Succession planning is critical in order to ensure the long-term success of any organization. A “succession plan” usually means one of three things:
- A concept, idea, prediction, or hope with nothing actually documented. “Our CEO, who is 63, said he’s going to retire in two years. One of these days we need to do a succession plan.”
- A comprehensive set of documents, often used in formal Board of Director or senior leadership meetings, that include replacement charts for key positions, position profiles, performance and potential grids, development plans, executive profiles, competency models, company and talent management strategy, and other various documents. While smart companies have done their best to streamline these documents down to the essential few, many companies still refer to this ten-pound stack of documents as “the book.” “We need to prepare our annual succession plan for the upcoming board meeting. Better order a new ream of paper.”
- A list of names that could replace a key position in an organization. They are often called “replacement charts.” “Key positions” are usually “C” level positions, i.e., CEO, CFO, COO; kinds of positions where a company could be vulnerable if the incumbent were to win the lottery or be hit by a bus.
Succession plans are confidential documents usually only seen by HR, the Board, or high-level executives with a need to know. They can be input and organized with sophisticated software systems, or as simple as a Word document.
When implementing a succession planning process, I’ve found that it’s helpful to start with an example, or template, and then customize it to the needs of the position or organization. In fact, when it comes to explaining to executives how to complete a succession plan, they’ll ignore any detailed verbal or written instructions you give them and just intuitively fill out whatever form you provide them. Ninety percent of the time, they get it roughly right, and the rest will call you with questions.
When I did a Google search for “succession plan templates,” most of what I found was not very useful. Granted, a good succession plan should be more than a few names scrawled on the back of a napkin, but in practical reality, that's often all you need to make most decisions.
Proper "Data Elements"
It doesn’t matter if you’re designing a software system or using forms, here are the “data elements” that should always be included, along with instructions:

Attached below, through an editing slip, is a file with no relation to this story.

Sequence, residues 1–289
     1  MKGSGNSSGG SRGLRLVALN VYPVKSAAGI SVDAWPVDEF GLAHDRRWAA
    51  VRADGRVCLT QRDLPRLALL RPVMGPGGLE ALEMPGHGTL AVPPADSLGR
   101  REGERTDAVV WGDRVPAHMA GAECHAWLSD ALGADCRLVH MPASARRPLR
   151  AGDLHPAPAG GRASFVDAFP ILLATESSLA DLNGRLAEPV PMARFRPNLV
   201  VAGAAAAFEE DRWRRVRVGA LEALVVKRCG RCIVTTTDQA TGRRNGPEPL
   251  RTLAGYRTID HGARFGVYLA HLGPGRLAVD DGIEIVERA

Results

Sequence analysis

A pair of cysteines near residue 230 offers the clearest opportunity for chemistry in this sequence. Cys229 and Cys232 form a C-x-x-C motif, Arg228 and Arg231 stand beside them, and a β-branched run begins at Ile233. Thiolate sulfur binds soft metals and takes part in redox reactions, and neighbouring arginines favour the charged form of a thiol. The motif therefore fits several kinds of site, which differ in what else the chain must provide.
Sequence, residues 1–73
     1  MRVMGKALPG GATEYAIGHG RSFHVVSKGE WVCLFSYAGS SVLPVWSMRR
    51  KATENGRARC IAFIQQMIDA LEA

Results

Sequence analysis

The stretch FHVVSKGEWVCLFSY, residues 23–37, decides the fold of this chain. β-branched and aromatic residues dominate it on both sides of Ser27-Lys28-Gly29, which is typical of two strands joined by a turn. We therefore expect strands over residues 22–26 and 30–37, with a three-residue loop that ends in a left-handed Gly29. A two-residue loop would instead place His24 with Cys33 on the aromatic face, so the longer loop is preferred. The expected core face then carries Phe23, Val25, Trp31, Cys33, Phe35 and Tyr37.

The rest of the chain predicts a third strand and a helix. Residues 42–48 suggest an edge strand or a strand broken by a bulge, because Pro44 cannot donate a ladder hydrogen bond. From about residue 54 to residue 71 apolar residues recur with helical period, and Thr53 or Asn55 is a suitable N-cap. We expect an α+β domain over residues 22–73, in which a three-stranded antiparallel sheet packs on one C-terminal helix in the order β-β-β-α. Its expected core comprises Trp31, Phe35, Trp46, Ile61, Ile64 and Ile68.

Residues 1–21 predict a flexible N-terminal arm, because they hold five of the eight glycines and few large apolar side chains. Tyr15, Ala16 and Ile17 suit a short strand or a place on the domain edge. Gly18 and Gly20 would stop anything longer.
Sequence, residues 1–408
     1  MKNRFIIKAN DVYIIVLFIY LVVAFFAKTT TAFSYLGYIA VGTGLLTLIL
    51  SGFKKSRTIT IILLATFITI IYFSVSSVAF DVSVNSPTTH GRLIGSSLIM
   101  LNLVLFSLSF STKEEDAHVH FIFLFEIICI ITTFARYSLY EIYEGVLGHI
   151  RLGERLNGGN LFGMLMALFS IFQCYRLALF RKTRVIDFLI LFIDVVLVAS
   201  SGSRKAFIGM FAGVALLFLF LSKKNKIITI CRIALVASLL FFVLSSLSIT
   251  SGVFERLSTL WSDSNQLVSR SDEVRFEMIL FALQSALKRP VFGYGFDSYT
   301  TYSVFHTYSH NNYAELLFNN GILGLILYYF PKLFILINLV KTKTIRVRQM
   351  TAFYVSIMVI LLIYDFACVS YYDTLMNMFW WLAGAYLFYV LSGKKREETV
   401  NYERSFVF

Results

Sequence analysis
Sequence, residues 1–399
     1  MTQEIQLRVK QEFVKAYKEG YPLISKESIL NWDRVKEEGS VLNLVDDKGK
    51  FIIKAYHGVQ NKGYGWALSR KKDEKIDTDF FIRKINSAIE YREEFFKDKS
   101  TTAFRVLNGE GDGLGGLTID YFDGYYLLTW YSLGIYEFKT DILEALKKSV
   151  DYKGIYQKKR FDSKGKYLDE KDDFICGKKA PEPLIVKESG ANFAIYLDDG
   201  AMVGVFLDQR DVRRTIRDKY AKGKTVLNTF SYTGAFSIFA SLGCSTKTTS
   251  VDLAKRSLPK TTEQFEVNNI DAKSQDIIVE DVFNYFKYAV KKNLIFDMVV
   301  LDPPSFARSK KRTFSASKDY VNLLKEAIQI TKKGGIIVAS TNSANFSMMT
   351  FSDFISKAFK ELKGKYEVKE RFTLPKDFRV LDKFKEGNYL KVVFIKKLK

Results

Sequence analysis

- Position: This is the position you’re planning to replace someday – usually just a handful of mission-critical positions, often "C-level."
- Incumbent: The person occupying the position today.
- Candidates: Names of individuals that have the potential to step into the position. There’s no magic number, but typically about three. They are usually internal but could be external as well.
- Readiness rating for each candidate: Some indicator of how ready the candidate is to step into the role, i.e., “immediately, within one to two years, within two to five years”, or a rating, like “high, medium, and low,” or “green, yellow, and red.”
That’s really about it. Organizations will sometimes include pictures of the incumbent and candidates and present them on an organization chart - a good HR software package will do this for you. Sure, there are other fields you could include, but just make sure the information is absolutely essential. The details can be included in supporting documents. For example, additional information about the candidates can be included in position profiles and development plans.
- Top three development needs for each candidate
- Top three development actions for each candidate
- Demographic information for each candidate, i.e., age, gender, EEO category, location, current position, wage grade, etcetera.
- Performance and potential rating for each candidate, i.e., “3A, “1B”, etc.
- Assessment information: performance ratings, potential assessments, behavioral assessments, etc.
- Retention risk for incumbent and candidates
- Relocation ability for candidates or willingness to move
I’m sure there’s more, but again, more isn’t always better. I’m a big believer in the K.I.S.S. method of succession planning. As my friend Alex always used to tell me, "just because we can collect the information doesn’t mean we should."